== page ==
Which is worse, disobeying or obeying bad laws? | Selangor Times
Friday
24·03·2017
Issue 118

 

Senedi
Which is worse, disobeying or obeying bad laws?
Writer: Wong Chin Huat
Published: Fri, 06 Jan 2012

Since Nov 26,  people have been gathering in yellow at some parts of KLCC at 2pm on Saturdays. They stage a series of “Malaysians can …. at KLCC without police permit” protests. You can fill in the blank while walking in KLCC park, reciting poems, posing with Christmas trees, picnicking, and celebrating birthdays.

It seems harmless and innocent, but the KLCC management tries ways and means to chase these people away, from sealing off the park, sprinkling water to even threatening court injunction. Why does the mall have to overreact?

If Parks had not disobey the law in 1955 would African-Americans remained second class citizens in the United States today?

Because this group called Killthebill.org – of which I am a proud member – is deemed illegal under both the current Police Act and the Peaceful Assembly Bill which have been passed by both houses of Parliament and will be law within weeks.

Under the Police Act, any gathering of three or more persons is a public assembly and requires police permit.

Under the new bill, assembly is defined loosely as “an intentional and temporary of a number of persons in a public place, whether or not the assembly is at a place or moving”.

All assemblies will have to notify the police 10 days ahead and can be prohibited, with seven exceptions: religious assemblies, funeral processions, wedding receptions, open houses, family gatherings, family days held by companies, general meetings of associations.

Under this new bill, does a picnic among friends constitute  a public assembly which needs police notification? You bet.

Strictly speaking, a picnic cannot be organised by anyone below 21 years of age. It cannot be held within 50 metres from 12 categories of prohibited places, including schools, places of worships, petrol stations, hospitals, bridges and ports, train and bus stations. Lastly, parents who bring their children to join a picnic which is not religious or familial can be fined up to RM20,000.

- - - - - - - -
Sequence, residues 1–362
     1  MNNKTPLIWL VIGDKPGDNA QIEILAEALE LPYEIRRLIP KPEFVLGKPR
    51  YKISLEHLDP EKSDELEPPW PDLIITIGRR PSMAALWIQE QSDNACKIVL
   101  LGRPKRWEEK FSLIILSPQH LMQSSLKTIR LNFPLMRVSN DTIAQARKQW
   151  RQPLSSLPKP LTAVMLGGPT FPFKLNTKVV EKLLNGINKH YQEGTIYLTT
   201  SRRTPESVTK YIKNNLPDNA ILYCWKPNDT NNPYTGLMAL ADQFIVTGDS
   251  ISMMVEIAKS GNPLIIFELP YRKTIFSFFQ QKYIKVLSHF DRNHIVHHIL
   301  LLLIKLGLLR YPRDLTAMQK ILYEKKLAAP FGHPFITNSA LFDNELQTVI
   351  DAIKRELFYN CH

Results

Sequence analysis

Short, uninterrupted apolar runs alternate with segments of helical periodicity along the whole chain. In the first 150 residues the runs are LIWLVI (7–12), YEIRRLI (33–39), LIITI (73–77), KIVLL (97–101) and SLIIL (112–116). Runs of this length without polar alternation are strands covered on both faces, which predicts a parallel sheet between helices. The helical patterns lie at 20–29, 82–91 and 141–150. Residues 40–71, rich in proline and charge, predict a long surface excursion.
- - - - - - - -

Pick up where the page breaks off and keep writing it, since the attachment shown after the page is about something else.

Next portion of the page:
If this ridiculous bill is strictly enforced, even your pasar malam trip will need police notification 10 days in advance.  If that is the case, there won’t a single police officer left to patrol the streets.

So, why should we be bothered if we know that this law will not be enforced fully? The answer is another question: how do you draw the line when it comes to complying or not complying with the law?

Who will decide? The discretion will eventually lie with every OCPD. A great deal of discretion means “rule of man”, vis-a-vis “rule of law”. It means inevitable inequality and inconsistency in law enforcement.

This is a main reason why Killthebill.org and the wider civil society oppose the Bill and want to kill it. The continual weekly illegal assemblies even after the bill is passed by the Parliament  have now have spread beyond KLCC to many cities and towns. This is a campaign of civil disobedience to defy the law and show it  is unenforceable.

This is also where I differ substantially with Mr Roger Tan, a prominent lawyer who opines that civil disobedience is only justifiable “under the most exceptional circumstances and that also, only if it is absolutely necessary in the interests of justice and nation”.